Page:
November Is National Adoption Month; Long-Term Foster Care Remains Serious Problem

There is a must-read article at which has some alarming statistics on the number of children in foster care in the U.S.  According to the article, which was written to commemorate November as National Adoption Month, on any given day:

“…[M]ore than 423,000 children are in the foster care system,
[N]early 115,000 of them are available for adoption, just waiting for the right family to find them.”
The article goes on to quote another interesting statistic from the National Adoption Attitudes Survey, which found that nearly 40 percent of U.S. adults have considered adoption.  That’s 81.5 million people who have considered.  If 1 out of every 500 of those people actually followed through and adopted a child in need, every child in foster care would (at least mathematically) be placed in adoptive families.
If you are thinking about adoption, or are interested in doing more to promote adoptions in this country, you may want to check out the Dave Thomas Foundation, which is dedicated to increasing the numbers of adoptions in the U.S.  Give some serious thought to adoption, particularly in times where we are looking at a world that is likely to have insufficient resources for the people already populating the planet.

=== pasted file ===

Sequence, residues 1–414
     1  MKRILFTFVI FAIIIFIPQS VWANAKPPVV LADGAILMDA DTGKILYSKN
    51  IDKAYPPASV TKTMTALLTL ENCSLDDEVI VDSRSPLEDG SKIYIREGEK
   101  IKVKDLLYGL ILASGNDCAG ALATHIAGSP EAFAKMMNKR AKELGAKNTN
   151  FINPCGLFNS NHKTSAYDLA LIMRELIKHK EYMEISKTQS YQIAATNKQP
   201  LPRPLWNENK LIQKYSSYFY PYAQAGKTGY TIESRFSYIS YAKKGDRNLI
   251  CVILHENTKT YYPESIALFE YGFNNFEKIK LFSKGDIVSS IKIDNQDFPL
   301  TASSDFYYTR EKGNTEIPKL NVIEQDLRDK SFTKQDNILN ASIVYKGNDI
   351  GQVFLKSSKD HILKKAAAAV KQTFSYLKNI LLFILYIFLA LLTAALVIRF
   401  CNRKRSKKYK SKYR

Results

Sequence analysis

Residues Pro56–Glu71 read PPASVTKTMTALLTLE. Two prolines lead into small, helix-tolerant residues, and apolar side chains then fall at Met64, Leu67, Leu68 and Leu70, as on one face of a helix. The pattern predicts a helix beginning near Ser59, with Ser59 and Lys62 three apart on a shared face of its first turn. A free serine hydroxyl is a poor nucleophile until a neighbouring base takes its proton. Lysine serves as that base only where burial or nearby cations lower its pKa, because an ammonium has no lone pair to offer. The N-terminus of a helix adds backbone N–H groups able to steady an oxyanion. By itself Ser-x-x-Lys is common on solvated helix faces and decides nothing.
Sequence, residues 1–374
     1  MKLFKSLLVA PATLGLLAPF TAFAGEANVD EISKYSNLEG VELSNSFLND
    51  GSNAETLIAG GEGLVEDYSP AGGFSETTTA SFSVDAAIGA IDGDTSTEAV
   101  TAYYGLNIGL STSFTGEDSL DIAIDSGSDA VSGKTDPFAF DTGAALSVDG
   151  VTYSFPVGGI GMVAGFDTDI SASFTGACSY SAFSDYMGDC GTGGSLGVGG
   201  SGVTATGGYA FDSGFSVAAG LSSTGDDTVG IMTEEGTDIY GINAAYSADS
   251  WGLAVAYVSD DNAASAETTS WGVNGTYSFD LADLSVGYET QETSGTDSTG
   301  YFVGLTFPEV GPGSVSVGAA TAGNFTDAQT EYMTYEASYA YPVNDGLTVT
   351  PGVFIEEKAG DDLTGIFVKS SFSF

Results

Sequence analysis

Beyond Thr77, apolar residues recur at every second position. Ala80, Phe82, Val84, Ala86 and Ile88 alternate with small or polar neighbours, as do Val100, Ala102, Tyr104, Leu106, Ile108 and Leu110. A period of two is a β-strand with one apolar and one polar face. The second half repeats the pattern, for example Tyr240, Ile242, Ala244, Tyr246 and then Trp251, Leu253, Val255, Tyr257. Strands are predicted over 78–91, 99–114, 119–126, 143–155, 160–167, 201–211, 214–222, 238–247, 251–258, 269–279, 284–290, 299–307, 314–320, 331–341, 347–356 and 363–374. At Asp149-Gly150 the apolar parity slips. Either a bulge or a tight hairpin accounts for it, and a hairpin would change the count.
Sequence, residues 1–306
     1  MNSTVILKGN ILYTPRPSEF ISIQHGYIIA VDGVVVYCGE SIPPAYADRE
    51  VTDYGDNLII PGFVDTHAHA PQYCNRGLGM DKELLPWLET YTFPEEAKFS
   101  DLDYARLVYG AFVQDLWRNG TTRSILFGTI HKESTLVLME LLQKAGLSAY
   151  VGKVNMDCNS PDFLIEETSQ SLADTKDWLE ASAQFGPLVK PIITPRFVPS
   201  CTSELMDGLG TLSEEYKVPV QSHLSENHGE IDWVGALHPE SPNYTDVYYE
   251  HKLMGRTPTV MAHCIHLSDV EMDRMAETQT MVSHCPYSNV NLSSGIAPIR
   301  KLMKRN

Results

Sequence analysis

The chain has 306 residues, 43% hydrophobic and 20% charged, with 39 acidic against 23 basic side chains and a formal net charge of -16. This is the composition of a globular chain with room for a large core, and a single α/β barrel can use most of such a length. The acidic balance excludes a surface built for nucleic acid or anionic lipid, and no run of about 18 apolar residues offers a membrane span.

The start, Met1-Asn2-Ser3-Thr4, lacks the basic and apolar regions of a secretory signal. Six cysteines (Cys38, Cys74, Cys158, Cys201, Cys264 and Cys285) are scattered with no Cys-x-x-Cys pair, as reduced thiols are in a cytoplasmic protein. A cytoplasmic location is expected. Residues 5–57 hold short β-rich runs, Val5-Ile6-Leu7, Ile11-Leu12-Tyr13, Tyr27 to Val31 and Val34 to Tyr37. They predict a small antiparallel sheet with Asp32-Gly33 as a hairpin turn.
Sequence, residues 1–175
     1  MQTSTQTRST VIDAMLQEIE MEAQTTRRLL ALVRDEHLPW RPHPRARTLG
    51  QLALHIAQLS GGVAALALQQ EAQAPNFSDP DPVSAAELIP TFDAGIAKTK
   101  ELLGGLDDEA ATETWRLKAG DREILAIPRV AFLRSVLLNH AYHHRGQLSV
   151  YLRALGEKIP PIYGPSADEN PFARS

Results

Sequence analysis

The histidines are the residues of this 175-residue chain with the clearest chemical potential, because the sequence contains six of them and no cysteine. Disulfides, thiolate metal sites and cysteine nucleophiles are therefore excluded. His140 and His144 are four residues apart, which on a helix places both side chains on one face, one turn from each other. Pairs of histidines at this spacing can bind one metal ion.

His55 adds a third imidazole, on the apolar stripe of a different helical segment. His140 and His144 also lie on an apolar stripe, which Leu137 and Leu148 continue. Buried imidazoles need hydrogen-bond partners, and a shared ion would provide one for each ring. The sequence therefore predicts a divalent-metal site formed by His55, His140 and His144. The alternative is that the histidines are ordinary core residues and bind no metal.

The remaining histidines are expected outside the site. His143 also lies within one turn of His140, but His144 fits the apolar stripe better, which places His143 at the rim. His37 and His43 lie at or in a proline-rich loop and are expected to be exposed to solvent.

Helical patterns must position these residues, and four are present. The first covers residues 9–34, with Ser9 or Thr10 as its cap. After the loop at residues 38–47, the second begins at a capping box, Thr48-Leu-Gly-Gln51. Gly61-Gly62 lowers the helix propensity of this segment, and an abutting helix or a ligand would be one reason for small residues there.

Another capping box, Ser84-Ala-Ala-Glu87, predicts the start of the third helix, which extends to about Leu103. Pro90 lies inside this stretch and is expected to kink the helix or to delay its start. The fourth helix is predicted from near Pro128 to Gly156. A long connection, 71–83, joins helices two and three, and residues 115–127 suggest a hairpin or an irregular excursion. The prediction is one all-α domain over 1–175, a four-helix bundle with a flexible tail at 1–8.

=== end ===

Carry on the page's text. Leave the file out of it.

If you are interested in legal issues involving foster care and adoption, particularly large scale public policy issues, you should consider contacting the National Center for Youth Law (NYCL), one of the foremost legal advocates in the area of foster care.  I was fortunate to have done an internship with NYCL during law school, and know the enormous contribution they are making to improve foster care conditions for children all over the country.
In particular, NYCL publishes a “Foster Care Reform Litigation Docket” that details their important work in this area, which is just one of their many areas of work on behalf of poor children.
Enhanced by Zemanta